Election night delivered a Portland City Council that will be more diverse — and more moderate

By Rebecca Ellis (OPB)
Nov. 5, 2020 8:28 p.m.

Write-in ballots and special interest money shaped the city’s mayoral race.

While election night left voters with little clarity on the presidential election, the dust quickly settled on Portland’s local races.

Sarah Iannarone, a community activist and political newcomer, lost a tight race against Portland Mayor Ted Wheeler, who voters reelected for another four years. They did not do the same for Commissioner Chloe Eudaly, who was swept out of City Hall after just one term. Mingus Mapps, a political science professor and former city employee, will step into her seat in January.


These races were notable for reasons beyond who got to claim victory at the end. Here are three takeaways from Tuesday night’s local races:

A large swath of voters wrote in a candidate, likely costing Iannarone needed votes

A whopping 46,000 voters chose to write in a candidate on their ballot in the mayoral race. That’s more than twice as many votes as the margin separating Wheeler and Iannarone.

Final results show Wheeler winning the race by 5.4 percentage points. The mayor received 46.2% of the vote. Iannarone captured 40.8%. Thirteen percent wrote someone else in.

Portland won’t find out what names voters scrawled on these ballots, since the Multnomah County Elections Division only tallies the breakdown of write-ins if it would change who won the election.

But it’s likely many of these votes went to longtime activist Teressa Raiford.

Raiford, head of nonprofit Don’t Shoot Portland, came in a distant third during the May primary after capturing just over 8% of the vote. But as racial justice protests erupted in the city this year, Raiford saw a new wave of supporters coalesce behind her. While she didn’t actively campaign or participate in mayoral debates, a group of supporters launched a write-in campaign plastering posters with her face across Portland. Just last week, the Washington Post ran a profile on Raiford with a headline pegged to her run for mayor.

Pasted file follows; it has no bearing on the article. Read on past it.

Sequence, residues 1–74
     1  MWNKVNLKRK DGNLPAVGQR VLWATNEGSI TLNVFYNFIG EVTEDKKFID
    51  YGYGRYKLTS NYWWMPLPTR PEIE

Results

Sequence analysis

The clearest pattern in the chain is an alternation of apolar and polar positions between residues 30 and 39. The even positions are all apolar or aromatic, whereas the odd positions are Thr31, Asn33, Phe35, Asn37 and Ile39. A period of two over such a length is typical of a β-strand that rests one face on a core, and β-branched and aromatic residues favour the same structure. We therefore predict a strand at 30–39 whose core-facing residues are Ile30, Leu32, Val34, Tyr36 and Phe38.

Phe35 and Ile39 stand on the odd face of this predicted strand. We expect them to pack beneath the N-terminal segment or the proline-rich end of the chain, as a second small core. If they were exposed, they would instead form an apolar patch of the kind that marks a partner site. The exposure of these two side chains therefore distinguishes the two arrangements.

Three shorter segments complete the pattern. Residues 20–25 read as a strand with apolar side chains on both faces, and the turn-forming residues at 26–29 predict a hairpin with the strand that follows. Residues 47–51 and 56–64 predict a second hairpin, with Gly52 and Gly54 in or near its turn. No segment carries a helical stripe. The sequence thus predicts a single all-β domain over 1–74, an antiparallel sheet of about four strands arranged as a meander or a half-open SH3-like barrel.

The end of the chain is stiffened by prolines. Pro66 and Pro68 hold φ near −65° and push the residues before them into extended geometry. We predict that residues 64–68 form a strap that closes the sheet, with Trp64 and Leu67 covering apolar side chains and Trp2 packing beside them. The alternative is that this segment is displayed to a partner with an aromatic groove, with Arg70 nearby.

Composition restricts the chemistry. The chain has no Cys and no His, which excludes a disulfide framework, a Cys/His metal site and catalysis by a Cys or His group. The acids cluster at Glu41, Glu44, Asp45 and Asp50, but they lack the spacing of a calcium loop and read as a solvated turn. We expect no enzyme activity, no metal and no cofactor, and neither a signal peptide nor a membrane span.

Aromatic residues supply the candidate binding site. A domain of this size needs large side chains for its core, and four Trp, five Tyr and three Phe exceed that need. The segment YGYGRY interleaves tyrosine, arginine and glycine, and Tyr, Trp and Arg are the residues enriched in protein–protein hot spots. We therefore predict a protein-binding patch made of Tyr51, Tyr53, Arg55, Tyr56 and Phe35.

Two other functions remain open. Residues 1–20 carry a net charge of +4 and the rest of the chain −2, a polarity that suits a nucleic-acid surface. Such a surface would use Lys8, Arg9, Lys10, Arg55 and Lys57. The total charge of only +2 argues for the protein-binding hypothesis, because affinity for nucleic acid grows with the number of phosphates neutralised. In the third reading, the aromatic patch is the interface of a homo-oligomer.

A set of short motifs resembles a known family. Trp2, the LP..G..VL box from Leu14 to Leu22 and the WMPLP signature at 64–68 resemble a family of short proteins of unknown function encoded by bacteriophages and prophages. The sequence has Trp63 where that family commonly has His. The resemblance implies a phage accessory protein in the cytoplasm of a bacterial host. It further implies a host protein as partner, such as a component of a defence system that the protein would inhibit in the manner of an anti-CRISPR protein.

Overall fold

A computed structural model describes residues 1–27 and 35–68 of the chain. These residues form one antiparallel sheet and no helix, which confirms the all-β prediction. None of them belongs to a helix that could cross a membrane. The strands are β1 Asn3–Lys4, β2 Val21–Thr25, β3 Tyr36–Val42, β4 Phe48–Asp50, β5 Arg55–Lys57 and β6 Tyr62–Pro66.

On Tuesday evening, as it became apparent Wheeler would secure another term, some of the mayor’s critics took to social media blaming Raiford’s write-in campaign for siphoning off votes that may have gone to Iannarone.

Much of that anger was directed at the quasi-candidate herself.

“When I went to sleep last night and woke up, I saw the vitriol, the anger, the violence, the blatant racism,” Raiford said Wednesday. “And I know the majority of people that did the write-in campaign are people of color and the fact that so many people are dragging me and them when we’re already outnumbered speaks to the violence of white America.”

Raiford said a lot of people who showed up to support her this summer said they’d voted for Iannarone during the primary. Both have been longtime critics of Wheeler and count police reform as a signature issue.

But Raiford contends it’s also true that a lot of her support came from people who, without the push for a write in campaign, would have skipped voting in the race altogether. And she said those blaming her for Wheeler’s mayoral victory are misdirecting their ire.

“People that voted for Ted Wheeler are the reason Mayor Ted Wheeler will be mayor for another term,” she said.

Tuesday night’s final tally for a third party candidate is unprecedented for the city — at least in this century. According to records kept by the city auditor’s office, the only contested race in the last two decades that’s seen anywhere close to that many voters choosing to write in a third candidate was the last mayoral runoff in 2012. Rather than vote for Charlie Hales, who won the race, or then-state Rep. Jefferson Smith, just under 20,000 voters wrote in a third candidate — equaling 7.5% of the vote.

An election worker sorts mail-in ballots at the Multnomah County Duniway-Lovejoy Elections Building Monday, Nov. 2, 2020, in Portland, Ore. (AP Photo/Marcio Jose Sanchez)

An election worker sorts mail-in ballots at the Multnomah County Duniway-Lovejoy Elections Building Monday, Nov. 2, 2020, in Portland, Ore. (AP Photo/Marcio Jose Sanchez)

Marcio Jose Sanchez / AP


In Portland’s first election cycle with strict campaign finance limits, special interest money still played a role